2016 was a good year. I flew more than 388,000 miles in 2016 on a combination of paid and award tickets. That is more than 15 times the circumference of the Earth and 1.6 times the distance to the Moon.
In terms of time, these flights totaled 787 hours, or 33 days, or 4.7 weeks or 1.09 months in the air.
I amassed over 250,000 Elite Qualifying Miles on American and, thanks to rollover MQMs ended the year with more than 460,000 Medallion Qualifying Miles on Delta. Therefore I easily requalified for American Executive Platinum and Delta Diamond status for 2017. Best of all, I earned an additional 8 systemwide upgrades on American and four global upgrades on Delta. Those will be put to good use in 2017.
My domestic flight map for 2016:
My international flight map for 2016:
New Airlines and New Products
Last year I flew some airlines for the first time and tried a few new products on others.
My first flight in Korean Air first class, Atlanta to Seoul/Incheon 777-300
New airlines were Ethiad, Qatar, China Eastern, Yeti, Maldivian and LATAM.
On the opposite end of the luxury spectrum from Ethiad and Korean Air first class, I also enjoyed my first experiences with two small airlines.
Although the plan for a helicopter flight to Everest Base Camp fell through, I got a reasonably close up look at Chomolungma (Goddess Mother in Tibetan) or Sagarmatha (Nepalese) via a sightseeing flight out of Kathmandu, Nepal on Yeti Airlines.
As far as new products, I flew several flights on which the airline was introducing new aircraft models into service. The nicest of these flights was on a fairly recently introduced Qatar Airways A350-900 from Philadelphia to Doha, Qatar.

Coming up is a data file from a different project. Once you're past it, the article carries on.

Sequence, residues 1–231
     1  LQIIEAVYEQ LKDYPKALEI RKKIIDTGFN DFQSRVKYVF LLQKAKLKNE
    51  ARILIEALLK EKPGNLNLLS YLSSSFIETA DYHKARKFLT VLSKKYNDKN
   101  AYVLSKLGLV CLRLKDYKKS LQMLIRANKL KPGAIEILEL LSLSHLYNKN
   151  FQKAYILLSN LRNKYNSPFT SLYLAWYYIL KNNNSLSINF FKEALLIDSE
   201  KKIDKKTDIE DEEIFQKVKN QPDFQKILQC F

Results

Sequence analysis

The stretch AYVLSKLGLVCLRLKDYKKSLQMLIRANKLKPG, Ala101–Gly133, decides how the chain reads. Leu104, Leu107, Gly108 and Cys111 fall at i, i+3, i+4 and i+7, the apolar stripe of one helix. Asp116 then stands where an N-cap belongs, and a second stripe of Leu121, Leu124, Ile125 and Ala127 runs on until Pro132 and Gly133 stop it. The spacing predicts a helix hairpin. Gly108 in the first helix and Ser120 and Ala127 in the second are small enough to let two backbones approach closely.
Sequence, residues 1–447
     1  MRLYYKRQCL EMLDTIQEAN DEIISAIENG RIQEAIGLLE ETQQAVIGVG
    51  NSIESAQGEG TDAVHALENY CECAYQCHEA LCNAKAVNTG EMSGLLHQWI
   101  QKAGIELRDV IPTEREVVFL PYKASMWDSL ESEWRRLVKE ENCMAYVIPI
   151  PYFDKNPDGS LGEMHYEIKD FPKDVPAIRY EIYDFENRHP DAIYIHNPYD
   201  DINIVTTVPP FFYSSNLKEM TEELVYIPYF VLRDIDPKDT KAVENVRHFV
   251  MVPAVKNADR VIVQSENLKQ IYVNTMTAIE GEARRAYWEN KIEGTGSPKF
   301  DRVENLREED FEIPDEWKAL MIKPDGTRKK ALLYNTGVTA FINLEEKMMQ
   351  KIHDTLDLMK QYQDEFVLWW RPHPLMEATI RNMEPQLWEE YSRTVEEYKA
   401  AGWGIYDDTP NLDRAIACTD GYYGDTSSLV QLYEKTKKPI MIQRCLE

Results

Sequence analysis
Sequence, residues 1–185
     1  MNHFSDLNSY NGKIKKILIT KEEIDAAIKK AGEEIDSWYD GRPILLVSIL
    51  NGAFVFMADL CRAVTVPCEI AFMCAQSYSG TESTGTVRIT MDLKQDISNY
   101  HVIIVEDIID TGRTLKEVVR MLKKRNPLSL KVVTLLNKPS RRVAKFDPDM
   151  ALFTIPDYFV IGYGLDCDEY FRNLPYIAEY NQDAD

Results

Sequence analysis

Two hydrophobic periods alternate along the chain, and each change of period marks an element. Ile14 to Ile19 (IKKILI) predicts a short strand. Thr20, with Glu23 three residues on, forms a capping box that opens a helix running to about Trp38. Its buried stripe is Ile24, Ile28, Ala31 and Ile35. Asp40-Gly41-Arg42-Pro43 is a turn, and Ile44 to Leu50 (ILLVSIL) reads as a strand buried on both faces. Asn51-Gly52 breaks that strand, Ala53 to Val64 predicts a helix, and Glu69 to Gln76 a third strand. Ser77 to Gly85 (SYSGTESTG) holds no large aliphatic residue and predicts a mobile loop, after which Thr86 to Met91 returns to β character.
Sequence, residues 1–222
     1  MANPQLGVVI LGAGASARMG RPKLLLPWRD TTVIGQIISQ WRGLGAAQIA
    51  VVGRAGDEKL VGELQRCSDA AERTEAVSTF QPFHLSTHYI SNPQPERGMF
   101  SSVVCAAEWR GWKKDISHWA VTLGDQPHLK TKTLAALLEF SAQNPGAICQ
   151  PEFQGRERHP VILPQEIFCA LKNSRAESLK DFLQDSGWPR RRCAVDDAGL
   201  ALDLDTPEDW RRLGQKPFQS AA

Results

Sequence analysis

In October, I was in business class Dallas to Los Angeles on the first flight of an American Airlines 787-900.
The American 787-900 is the first time a US airline has employed an aircraft with international level premium economy seats.
I flew the Thai A350-900 from Bangkok to Phuket during its first week in service. While the Qatar A350-900 and American 787-900 were both impressive, the business class seat on the Thai A350-900 was sadly disappointing.
Compare the pictures of the Thai A350-900 and the Qatar A350-900 and you will see what I mean.
Flying some of the tried and true products was also worth it.
Not all flights were in premium cabins. Japan Airlines had the best long haul economy seats.
Although I have not been impressed with the service from the ground staff of China Eastern Airlines, it has protected me in economy in 2016 by always having at least one empty seat beside me.
China Eastern is also the only airline I’ve flown that offers paid upgrades on the in-flight entertainment system. Of course, the prices are ridiculous.
In 2017, I will leverage the top-tier status earned in 2016 in the OneWorld and SkyTeam alliances to enjoy and report on additional travel experiences.